Source: Journal of Immigrant and Minority Health - April 21, 2017 Category: Global & Universal Source Type: research

Food Insecurity and Risk of Depression Among Refugees and Immigrants in South Africa
AbstractSouth Africa ’s refugee population has grown considerably over the last decade. Both food insecurity and mental illness are common in developing countries, but this relationship remains unexamined in an African refugee population. 335 adult refugees in Durban, South Africa were interviewed using a self-report of food insecurity and the Hopkins Symptom Checklist-25. The proportion of those who responded ‘often true’ to not having enough food and eating less was 23.1 and 54.3 %, respectively. The proportion of individuals with a significant level of anxiety and depressive symptomatology was 49....
Source: Journal of Immigrant and Minority Health - April 21, 2017 Category: Global & Universal Source Type: research

Postpartum Depression Among Somali Women in Norway
AbstractPostpartum depression (PPD) has been described as the most common complication experienced postpartum, affecting about 10 –15 % of all new mothers. Factors like a history of mental illness, and experienced recent adverse life events has been associated with an increased risk for developing PPD. Immigrant women in Western countries have been found to have a marked higher prevalence of PPD compared to the general pop ulation. In Norway the prevalence of PPD in the general population has been found to be around 8–10 %, and among Pakistani immigrants a rate of 7.6 % was found. Somali pe...
Source: Journal of Immigrant and Minority Health - April 21, 2017 Category: Global & Universal Source Type: research

Mental Health of Refugees and Non-refugees from War-Conflict Countries: Data from Primary Healthcare Services and the Norwegian Prescription Database
This study aims to determine whether their mental health differs. Using national registry data, refugees and non-refugees from the same countries were compared on primary healthcare service use for mental health problems and purchase of psychotropic medicine. Refugees had higher odds of using primary health care services than non-refugees. Refugee women were more likely to purchase psychotropic medicine than non-refugee women. Refugee men were more likely to purchase anti-depressants. The findings suggest that refugees have poorer mental health than non-refugees. This may be due to a combination of greater pre-migration tr...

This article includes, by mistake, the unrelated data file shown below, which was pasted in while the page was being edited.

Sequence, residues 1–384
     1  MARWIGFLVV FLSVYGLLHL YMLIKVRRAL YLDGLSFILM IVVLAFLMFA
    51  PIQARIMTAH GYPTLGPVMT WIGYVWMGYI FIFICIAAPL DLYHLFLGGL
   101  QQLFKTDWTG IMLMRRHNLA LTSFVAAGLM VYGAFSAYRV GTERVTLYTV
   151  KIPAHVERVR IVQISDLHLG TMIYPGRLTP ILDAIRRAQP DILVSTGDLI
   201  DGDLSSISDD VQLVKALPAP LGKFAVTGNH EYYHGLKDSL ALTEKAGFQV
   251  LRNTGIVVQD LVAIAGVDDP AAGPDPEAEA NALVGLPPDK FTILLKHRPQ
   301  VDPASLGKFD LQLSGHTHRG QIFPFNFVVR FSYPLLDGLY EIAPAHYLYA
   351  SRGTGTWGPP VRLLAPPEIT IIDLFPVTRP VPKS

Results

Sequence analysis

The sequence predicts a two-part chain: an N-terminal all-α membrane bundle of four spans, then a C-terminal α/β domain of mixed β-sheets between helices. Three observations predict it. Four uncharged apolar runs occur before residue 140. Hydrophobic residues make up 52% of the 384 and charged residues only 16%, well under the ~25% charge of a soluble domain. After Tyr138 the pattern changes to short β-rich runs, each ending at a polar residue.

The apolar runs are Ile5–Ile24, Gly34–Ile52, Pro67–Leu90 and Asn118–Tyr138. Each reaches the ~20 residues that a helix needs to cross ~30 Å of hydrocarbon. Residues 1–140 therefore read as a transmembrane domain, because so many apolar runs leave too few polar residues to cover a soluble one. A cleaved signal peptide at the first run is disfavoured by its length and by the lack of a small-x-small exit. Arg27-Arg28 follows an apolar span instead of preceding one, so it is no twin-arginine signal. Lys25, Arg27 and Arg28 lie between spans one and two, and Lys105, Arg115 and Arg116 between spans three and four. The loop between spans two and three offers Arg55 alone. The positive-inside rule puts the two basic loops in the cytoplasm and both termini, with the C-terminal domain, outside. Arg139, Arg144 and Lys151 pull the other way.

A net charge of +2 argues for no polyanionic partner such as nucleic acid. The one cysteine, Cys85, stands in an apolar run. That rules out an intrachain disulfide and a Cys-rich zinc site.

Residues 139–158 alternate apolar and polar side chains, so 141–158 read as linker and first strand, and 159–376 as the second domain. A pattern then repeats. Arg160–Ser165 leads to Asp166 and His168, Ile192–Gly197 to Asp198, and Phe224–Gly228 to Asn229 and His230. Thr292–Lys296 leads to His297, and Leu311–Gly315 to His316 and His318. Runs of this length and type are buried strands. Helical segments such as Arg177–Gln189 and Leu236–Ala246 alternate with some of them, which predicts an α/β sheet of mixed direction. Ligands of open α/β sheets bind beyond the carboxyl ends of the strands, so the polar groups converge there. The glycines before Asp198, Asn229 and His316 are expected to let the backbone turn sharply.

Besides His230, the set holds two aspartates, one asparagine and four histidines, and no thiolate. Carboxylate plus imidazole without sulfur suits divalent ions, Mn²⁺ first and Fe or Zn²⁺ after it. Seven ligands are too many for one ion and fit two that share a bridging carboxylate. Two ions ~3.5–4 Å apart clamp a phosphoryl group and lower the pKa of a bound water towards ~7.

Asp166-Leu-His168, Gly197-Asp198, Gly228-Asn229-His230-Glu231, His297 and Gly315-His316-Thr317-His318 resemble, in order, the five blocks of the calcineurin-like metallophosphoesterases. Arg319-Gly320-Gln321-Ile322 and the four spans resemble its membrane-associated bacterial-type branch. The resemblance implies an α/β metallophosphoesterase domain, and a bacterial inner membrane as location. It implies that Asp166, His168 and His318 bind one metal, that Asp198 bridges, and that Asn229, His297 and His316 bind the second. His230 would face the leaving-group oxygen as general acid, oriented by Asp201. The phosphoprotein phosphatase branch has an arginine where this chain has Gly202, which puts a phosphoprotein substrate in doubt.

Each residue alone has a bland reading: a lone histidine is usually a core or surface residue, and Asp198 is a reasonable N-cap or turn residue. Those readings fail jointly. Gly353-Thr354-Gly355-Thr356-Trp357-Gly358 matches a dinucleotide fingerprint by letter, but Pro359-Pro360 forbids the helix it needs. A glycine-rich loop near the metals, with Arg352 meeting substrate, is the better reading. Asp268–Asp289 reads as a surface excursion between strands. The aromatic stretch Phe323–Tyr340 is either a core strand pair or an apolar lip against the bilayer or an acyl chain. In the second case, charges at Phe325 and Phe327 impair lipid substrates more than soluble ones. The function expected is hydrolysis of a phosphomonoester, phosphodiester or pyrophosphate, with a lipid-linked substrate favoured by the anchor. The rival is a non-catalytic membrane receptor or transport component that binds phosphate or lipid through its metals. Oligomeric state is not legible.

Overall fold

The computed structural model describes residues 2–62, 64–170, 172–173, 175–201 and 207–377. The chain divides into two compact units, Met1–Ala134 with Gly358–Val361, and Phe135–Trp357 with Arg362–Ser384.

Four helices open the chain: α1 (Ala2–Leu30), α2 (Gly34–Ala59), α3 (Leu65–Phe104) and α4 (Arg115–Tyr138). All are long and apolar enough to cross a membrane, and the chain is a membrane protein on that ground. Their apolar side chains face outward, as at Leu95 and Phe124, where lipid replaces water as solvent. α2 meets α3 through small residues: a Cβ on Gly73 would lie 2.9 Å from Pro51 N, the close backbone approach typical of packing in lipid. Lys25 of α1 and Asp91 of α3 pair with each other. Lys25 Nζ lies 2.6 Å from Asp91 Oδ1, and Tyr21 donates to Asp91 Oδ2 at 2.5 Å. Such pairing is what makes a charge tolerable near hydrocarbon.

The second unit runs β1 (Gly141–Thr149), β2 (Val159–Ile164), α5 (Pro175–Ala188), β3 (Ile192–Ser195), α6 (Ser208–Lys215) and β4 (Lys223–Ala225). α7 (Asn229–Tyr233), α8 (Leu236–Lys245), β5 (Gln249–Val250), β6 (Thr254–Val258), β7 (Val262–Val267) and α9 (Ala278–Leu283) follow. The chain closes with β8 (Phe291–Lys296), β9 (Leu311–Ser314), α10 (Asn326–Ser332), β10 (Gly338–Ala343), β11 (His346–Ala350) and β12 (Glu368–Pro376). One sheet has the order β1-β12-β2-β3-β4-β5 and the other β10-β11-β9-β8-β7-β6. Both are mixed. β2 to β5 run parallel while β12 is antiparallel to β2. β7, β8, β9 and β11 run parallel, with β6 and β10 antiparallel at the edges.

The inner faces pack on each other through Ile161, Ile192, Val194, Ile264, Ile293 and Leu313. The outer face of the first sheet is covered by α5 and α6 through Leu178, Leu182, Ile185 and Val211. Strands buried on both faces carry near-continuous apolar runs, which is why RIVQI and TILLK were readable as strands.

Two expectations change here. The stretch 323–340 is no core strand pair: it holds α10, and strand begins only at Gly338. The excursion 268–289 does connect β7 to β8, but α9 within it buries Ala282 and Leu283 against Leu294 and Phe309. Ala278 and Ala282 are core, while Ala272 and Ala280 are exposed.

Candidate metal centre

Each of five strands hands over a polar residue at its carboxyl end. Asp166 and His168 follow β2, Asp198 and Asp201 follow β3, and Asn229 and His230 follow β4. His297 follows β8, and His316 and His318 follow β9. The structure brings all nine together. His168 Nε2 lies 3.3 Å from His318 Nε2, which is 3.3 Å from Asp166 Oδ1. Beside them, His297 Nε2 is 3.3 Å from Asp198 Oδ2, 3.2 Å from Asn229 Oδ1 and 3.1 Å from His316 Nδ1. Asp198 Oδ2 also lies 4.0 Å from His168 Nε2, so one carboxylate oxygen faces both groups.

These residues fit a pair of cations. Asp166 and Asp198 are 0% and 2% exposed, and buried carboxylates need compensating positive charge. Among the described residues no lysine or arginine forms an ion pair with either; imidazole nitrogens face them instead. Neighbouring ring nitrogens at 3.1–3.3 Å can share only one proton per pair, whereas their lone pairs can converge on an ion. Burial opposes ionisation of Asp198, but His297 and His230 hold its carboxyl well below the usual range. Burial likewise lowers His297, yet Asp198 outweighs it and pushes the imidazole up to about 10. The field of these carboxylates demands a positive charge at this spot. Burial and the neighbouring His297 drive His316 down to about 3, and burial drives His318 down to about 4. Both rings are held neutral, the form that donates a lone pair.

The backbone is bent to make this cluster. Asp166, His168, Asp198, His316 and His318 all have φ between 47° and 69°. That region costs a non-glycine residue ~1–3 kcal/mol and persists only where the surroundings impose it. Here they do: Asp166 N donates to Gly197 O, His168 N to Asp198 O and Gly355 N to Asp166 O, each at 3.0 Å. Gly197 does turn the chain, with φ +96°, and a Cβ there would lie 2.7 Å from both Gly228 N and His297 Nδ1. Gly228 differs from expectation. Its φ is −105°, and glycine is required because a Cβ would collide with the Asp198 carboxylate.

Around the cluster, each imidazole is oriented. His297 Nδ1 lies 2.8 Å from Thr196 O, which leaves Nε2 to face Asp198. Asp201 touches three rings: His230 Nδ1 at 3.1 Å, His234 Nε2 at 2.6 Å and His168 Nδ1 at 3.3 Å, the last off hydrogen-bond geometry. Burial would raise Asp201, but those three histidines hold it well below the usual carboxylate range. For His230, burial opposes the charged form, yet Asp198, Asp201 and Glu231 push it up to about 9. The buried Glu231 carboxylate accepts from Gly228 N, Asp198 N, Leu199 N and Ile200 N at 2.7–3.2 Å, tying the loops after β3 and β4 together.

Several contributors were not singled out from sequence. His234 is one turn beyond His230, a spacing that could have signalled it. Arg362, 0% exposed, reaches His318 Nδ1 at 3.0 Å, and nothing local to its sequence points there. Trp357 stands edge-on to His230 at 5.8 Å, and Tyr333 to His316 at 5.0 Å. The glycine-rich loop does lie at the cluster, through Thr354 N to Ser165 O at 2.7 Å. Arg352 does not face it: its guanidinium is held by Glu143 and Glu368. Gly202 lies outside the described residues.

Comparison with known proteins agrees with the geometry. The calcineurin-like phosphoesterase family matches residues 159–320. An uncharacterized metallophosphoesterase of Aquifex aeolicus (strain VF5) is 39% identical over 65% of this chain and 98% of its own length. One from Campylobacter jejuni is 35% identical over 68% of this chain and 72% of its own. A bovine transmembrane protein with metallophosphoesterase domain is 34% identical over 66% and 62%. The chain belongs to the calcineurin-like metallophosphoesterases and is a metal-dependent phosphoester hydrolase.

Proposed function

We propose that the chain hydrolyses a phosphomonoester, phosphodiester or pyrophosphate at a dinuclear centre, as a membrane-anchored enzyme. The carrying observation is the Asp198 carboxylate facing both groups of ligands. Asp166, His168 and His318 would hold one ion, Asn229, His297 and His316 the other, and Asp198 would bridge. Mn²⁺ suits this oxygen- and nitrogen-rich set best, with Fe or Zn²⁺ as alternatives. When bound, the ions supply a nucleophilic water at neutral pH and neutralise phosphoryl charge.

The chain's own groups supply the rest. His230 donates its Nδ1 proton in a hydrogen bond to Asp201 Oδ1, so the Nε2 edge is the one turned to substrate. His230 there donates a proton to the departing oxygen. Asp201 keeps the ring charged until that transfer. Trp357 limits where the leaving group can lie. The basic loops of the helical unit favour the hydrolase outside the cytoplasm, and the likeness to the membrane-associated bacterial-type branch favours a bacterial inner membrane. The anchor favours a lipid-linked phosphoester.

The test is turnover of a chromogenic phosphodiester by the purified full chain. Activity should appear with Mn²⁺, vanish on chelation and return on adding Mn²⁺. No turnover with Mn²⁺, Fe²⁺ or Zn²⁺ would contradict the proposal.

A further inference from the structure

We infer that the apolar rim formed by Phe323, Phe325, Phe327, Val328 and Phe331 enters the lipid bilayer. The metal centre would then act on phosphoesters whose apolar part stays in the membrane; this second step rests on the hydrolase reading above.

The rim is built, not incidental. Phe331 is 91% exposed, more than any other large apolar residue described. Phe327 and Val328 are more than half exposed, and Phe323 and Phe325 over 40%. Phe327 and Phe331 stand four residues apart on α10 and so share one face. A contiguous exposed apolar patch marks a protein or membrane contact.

Source: Journal of Immigrant and Minority Health - April 21, 2017 Category: Global & Universal Source Type: research

Involuntary Tobacco Smoking Exposure Among Korean American Emerging Adults: A Qualitative Study
AbstractHigh smoking prevalence among Korean American (KA) males place KA family members and co-workers at an elevated risk of involuntary tobacco smoke exposure (ITSE). KA emerging adults (EAs) face an additional risk of ITSE by their peers, as emerging adulthood is associated with increased smoking. This paper explores health behaviors, attitudes and beliefs of ITSE among KAEA. Qualitative data analysis was conducted on transcripts from ten focus groups (N  = 67). Themes related toattitudes and perceptions of ITSE were identified: high level of cultural tolerance, lack of knowledge/insufficient information, per...
Source: Journal of Immigrant and Minority Health - April 21, 2017 Category: Global & Universal Source Type: research

Indigenous Adolescents ’ Suicidal Behaviors and Risk Factors: Evidence from the National Youth Risk Behavior Survey